Review: MOMIX’s Opus Cactus carries viewer into a ‘delightful, unknowable landscape’

A scene from Opus Cactus. Photo: Charles Azzopardi

In March 2016, I visited the (Dale) Chihuly exhibit at the Desert Botanical Garden in Phoenix, Arizona. I went at night. The papery heat of the day drained away. Walking the chilly, dimly lit paths, I mistook bendy-armed saguaro and stocky barrel cacti for people. Pink and yellow prickly pear flowers glowed like candles. Chihuly’s fantastic glass sculptures were hardly more alien than some of the desert natives, with their elaborate defences and Dr. Seuss shapes.  

Almost 20 years after its creation, Moses Pendleton’s Opus Cactus provokes similar feelings of stepping into a delightful, unknowable landscape. There’s danger and death in this bone-dry country, but enchantment too; dreams and mirages, ancient form, order and rhythm.

Part 1 of Opus Cactus portrays the desert’s natural denizens, as MOMIX’s “dancer-illusionists” transform and contort into all manner of flora and fauna. A wren’s quick, angular movements are silhouetted against a fiery red sky. Precariously balanced couples become majestically strutting ostriches. A desert storm brings a ballet of glow-in-the-dark tumbleweeds. Dancers zip around the stage lying on skateboards, interacting in curious, lizard-like rituals.

In one of the shortest but most mesmerizing tableaux, a group of women slowly unfurl their red-trimmed white skirts, whirling until they become luscious, Georgia O’Keeffe blooms. Costume designer Phoebe Katzin’s sexy shapes and vibrant palette of scarlet, emerald green, bronze, black and cream magnify the work’s steamy undercurrent of sensuality.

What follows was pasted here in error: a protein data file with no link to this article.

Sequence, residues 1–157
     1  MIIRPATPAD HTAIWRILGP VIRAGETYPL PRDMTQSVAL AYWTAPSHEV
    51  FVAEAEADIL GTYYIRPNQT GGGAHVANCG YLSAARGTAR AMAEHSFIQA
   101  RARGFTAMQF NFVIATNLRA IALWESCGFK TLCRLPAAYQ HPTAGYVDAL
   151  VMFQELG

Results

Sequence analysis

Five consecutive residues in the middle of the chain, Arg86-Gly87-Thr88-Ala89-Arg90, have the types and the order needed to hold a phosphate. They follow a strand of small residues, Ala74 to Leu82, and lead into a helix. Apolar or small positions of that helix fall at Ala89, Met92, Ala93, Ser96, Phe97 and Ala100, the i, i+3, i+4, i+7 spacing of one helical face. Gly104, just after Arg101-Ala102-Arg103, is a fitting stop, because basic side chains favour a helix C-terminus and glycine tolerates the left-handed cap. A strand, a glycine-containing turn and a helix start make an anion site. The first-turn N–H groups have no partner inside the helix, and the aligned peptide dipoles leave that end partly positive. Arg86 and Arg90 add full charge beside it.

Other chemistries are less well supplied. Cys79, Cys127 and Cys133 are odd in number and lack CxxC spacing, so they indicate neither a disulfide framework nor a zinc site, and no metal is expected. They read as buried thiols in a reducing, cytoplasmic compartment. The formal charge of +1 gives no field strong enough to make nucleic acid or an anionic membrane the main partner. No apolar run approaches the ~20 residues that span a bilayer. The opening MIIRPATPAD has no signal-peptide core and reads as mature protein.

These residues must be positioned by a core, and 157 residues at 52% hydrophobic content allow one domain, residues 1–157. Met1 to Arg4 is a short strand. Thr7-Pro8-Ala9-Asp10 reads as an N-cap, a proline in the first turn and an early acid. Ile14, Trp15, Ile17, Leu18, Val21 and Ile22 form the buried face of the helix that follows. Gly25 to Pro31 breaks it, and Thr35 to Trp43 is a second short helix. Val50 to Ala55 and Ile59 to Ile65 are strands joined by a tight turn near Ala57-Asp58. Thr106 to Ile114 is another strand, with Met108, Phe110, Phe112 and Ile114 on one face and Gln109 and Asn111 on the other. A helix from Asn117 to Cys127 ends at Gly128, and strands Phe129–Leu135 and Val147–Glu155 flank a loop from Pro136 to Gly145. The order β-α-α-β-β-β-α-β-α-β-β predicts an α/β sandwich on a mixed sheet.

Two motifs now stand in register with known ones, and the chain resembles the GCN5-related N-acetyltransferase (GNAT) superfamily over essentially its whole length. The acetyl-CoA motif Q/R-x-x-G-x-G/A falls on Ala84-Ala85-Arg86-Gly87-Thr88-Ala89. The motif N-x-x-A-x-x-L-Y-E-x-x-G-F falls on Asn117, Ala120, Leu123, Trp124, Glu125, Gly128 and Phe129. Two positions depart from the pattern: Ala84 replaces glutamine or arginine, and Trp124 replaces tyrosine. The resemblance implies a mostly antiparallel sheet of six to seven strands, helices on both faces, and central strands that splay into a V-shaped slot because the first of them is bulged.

In the second half, we are pulled into a world of legend, myth and spirituality.  With its references to totems, fire walkers and golden icons, this section can track a little too close to pastiche and cultural appropriation for comfort. Pendleton’s choreography has more impact, visually and emotionally, when it remains abstract and lyrical. Like in the gorgeous Sundance, where four women dressed in papyrus white manipulate huge paper fans and their own strong limbs into stunning hieroglyphic images.  

There’s one more performance of Opus Cactus on Tuesday night.

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Natasha Gauthier has been covering classical music in Canada and the US for more than 20 years. She was the classical critic at the Ottawa Citizen, and was one of the founding critics of Montreal's HOUR Magazine. She has served on the classical music and dance juries for the Governor General's Performing Arts Awards. You can also read her at her blog, Natasha has a BA in Journalism from Concordia University.